Thank you ?
GET THIS ON FILM!!!
I love that a rubric can become a game or a tool to empower reticent speakers of L2. So much of improving learning/teaching is just changing our perspective.
…so much of improving learning/teaching is just changing our perspective….
I like the word game board for rubric. By the time kids are in hs, they are pretty tired of rubrics but they never tire of games!
This is brilliant! So many jumping off places popped up in my mind after hearing this (and not the kind of “jumping off places” that pop up after a long rough day that ends with immature sophomores! Lol)
Sophomores! Who invented them? How do such jerks turn into wonderful juniors in a few short months?
That’s exactly it–I don’t know what happens to them, but I’m very glad to have them as juniors also so that I can think of them as people again!
I just tried this in one of my classes and it was GREAT! Not only could the kids say way more than I thought they were going to be able to, they really enjoyed the experience, were challenging themselves to say more, working in their pairs to help each other improve sentences and pronunciation AND were really pleased and surprised that they could say so much without ever having practiced speaking.
I’ve noticed in my classes this year, since making the switch to CI, that the students have tremendous comfort in the language. This is a big deal in the high-poverty school where I work. Students are willing to read texts and guess, even when they’re not sure. They’re ready to listen to stories and read, even when it’s challenging. Then, today, I saw that they’re willing to jump into speaking because it feels natural to them; they’re not intimidated by it. I’m so grateful to see their enjoyment and belief in themselves.
This is so very different from my colleagues’ students’ attitude towards the language. I can’t express how much it warms my heart to see my students bloom in the CI environment. So glad I waited until March to ask them to speak!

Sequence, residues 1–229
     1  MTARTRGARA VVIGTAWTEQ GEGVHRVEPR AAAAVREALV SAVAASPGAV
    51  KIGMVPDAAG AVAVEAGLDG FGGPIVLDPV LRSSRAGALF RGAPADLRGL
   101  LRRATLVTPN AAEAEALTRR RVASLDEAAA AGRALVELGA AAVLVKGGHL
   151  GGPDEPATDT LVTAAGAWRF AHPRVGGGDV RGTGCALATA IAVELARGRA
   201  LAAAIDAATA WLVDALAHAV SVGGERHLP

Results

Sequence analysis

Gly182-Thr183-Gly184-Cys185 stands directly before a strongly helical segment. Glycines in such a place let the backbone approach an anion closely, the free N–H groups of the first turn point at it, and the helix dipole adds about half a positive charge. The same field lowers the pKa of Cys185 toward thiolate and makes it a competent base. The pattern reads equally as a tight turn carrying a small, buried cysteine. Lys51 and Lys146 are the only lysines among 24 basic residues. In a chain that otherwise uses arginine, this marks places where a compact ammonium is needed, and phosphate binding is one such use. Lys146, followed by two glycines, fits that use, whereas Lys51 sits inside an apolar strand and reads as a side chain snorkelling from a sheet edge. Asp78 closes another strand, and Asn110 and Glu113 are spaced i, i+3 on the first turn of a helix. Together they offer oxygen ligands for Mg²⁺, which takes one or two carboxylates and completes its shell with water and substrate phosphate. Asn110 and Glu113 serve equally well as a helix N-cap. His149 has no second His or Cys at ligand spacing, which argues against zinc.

Gretchen what you describe here is exactly what we want as opposed to “gains in the language”, since we know that they will all acquire at different rates in a natural way that is unique to each one of them. When you see
…their enjoyment and belief in themselves….
shouldn’t THAT be the goal? Why isn’t it? Probably bc we can’t measure enjoyment and belief. Now, if a person could acquire a language in the 500 hours we have in a high school program, I could understand all the testing. But when we only have a small fraction of the time needed, it just seems so silly. Well, when I read what you wrote, I am filled with hope for the future anyway.
And there is always the equity piece that enters here. Maybe someone could do a study of who succeeds at those tests – white, brown or black kids. Or maybe they – who worship at the alter or data gathering – don’t want that kind of data.
Another equity piece — students coming from trauma, students who receiving SPED services, students who are homeless/highly mobile and miss class, and students are ELLs all can find more success in a CI classroom. I believe that it’s not all that often that teachers see their SPED students and their TAG students engaged with equal interest and sense of confidence in the same assessment, and, yet, that’s what I saw using Tina’s speaking rubric ‘game.’
I think this speaking game is great, and I just created a similar game board thinking that I might try it as we’ve jumped into post Spring Break aka Get Me on a Sunny Warm Beach and Let Me Swim with the Turtles mindset. But I wonder if Tina would have her students play this game if she didn’t feel pressure from your admin to show students’ output. Just curious. You know, students gain confidence from understanding us when we speak to them. As long as they value that and we as teachers have the magic (or situational circumstances… like I have a class of just 12 students) to continue the conversations and stories into June, then go for it!
Tina mentions “partner book boxes” above. I’m not sure what that means but I’m envisioning like students having the side cut out of a big box to place on their desk while they are reading. A kind of instant reading seclusion. Sounds great to me. I got tons of extra boxes in my house right now. I’m going to bring them in tomorrow.
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